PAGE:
Nav
You are viewing an older version of this section. Click here to navigate to the latest version.

Handling HTTP Callbacks

Many public APIs nowadays are using the concept of callbacks to notify API consumers of specific events. For example after phone call using Twilio ends it will perform a HTTP request to the specified URL to pass information about the status of the call. The DevKit provides a special data type to facilitate the scenario in which a Mule flow needs to be invoked when a HTTP callback is received.

The HttpCallback interface

Implementing HTTP callbacks can be tedious and cumbersome. The DevKit removes the complexity by creating a HTTP inbound endpoint automatically:

HttpCallbackJava

The HttpCallback interface exposes only one method that allows to get the URL of a dynamically generated HTTP inbound endpoint that references the flow that is to be invoked when the callback is received. 

Allows to reference a flow in the Mule configuration file:

HttpCallbackXml

Note that the flows referenced do not have any inbound endpoint.

Advanced Configuration

If the default configuration is not suitable, the following settings can be used in the Mule configuration file:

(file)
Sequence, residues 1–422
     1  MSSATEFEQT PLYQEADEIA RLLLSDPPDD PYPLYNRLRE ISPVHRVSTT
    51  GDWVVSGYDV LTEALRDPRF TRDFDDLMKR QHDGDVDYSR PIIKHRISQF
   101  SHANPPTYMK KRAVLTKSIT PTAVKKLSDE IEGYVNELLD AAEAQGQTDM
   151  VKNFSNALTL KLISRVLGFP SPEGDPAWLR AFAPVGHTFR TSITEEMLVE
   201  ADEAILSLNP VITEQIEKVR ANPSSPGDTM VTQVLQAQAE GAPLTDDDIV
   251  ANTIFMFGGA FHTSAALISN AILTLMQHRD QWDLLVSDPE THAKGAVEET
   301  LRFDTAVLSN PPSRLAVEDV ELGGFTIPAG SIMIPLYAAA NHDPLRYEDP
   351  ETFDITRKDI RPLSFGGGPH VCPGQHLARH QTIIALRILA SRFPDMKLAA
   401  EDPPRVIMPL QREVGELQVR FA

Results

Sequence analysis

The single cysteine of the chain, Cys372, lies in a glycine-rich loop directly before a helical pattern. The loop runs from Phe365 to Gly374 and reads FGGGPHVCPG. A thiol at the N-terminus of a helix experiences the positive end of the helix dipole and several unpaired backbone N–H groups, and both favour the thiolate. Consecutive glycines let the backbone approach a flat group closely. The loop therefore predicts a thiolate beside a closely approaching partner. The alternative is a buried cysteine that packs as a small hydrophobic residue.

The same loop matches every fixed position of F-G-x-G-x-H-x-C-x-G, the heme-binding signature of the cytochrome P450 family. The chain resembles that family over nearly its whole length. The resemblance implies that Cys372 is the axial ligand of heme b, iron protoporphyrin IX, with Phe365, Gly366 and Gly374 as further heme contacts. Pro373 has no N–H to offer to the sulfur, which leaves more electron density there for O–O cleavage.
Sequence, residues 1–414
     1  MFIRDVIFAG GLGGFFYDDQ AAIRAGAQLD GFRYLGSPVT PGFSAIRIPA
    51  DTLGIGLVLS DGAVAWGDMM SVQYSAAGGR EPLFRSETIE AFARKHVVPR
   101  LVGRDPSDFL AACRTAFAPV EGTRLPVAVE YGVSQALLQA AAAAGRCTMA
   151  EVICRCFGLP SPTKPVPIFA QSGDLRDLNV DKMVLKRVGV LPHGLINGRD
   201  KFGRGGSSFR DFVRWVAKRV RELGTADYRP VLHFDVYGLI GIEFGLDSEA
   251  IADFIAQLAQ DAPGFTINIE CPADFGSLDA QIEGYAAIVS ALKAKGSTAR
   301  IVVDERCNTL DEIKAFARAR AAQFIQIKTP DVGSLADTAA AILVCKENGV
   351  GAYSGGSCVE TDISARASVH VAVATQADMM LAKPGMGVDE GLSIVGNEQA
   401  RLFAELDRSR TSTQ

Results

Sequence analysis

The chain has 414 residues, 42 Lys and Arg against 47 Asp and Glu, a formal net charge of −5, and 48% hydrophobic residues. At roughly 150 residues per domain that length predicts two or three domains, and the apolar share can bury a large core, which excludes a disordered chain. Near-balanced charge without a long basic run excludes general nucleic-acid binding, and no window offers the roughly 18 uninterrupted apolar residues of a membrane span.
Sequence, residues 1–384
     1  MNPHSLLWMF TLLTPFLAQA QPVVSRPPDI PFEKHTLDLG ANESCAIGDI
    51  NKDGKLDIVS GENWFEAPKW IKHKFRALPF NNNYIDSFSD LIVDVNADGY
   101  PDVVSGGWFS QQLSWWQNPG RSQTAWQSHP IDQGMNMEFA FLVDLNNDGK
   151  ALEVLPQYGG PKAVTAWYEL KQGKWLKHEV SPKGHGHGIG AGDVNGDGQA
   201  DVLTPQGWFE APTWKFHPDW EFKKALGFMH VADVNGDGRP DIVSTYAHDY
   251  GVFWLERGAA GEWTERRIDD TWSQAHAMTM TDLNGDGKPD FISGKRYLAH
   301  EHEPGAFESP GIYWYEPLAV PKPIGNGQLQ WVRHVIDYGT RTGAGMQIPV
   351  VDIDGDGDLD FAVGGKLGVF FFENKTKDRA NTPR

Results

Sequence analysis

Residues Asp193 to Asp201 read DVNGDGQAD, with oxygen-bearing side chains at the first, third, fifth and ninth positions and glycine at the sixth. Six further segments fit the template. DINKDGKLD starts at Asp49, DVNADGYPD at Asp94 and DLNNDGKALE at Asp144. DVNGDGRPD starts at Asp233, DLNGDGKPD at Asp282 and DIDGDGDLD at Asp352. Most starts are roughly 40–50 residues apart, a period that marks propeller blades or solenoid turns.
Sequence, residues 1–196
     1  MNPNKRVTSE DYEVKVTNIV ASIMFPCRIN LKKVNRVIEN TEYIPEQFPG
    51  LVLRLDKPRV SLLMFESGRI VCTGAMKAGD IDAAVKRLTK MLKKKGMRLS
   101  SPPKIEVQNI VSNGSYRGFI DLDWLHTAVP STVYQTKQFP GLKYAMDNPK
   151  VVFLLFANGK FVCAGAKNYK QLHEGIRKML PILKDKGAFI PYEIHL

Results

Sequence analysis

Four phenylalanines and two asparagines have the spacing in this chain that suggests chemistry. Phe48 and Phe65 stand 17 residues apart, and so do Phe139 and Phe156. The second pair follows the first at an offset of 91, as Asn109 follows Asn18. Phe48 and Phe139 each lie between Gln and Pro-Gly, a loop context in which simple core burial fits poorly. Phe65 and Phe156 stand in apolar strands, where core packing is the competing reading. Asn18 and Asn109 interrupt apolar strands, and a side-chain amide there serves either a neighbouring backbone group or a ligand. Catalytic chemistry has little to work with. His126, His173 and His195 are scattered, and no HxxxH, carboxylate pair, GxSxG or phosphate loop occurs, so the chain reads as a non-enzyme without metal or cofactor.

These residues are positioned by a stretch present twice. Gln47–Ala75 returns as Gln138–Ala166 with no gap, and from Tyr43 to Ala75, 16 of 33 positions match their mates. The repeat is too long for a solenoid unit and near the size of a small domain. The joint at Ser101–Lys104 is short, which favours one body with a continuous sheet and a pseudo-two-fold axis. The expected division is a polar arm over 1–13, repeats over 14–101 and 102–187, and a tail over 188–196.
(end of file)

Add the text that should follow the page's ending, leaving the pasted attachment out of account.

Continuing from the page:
Attribute Name Description

localPort

the port to be used to create the HTTP inbound endpoint. Defaults to environment variable http.port

remotePort

the public port to be used to construct the public URL to be sent to the external system. Defaults to environment variable http.port

domain

the domain to be used to construct the the public URL to be sent to the external system. Defaults to environment variable fullDomain

async

possible values are true or false depending on whether the callback flow should be executed asynchronously or not. Defaults to true

For example:

HttpCallbackConfigXml

All the attributes are optional and take default values as explained above.

How It Works

Behind the scenes a Mule flow is created dynamically containing a Message Processor that invokes the desired flow. By default, this Message Processor is wrapped in a async message processor chain. This behavior can be overriden using the 'async' option.

The URL of the HTTP inbound endpoint is built using 'localhost' as host and 'http.port' environment variable or 'localPort' value as port. The path of the URL is a random string.

The URL that is passed to the external system is the same one as the URL of the HTTP inbound endpoint except that the host is replaced by the 'domain' setting (or its default value) and the port is replaced by the 'remotePort' setting (or its default value).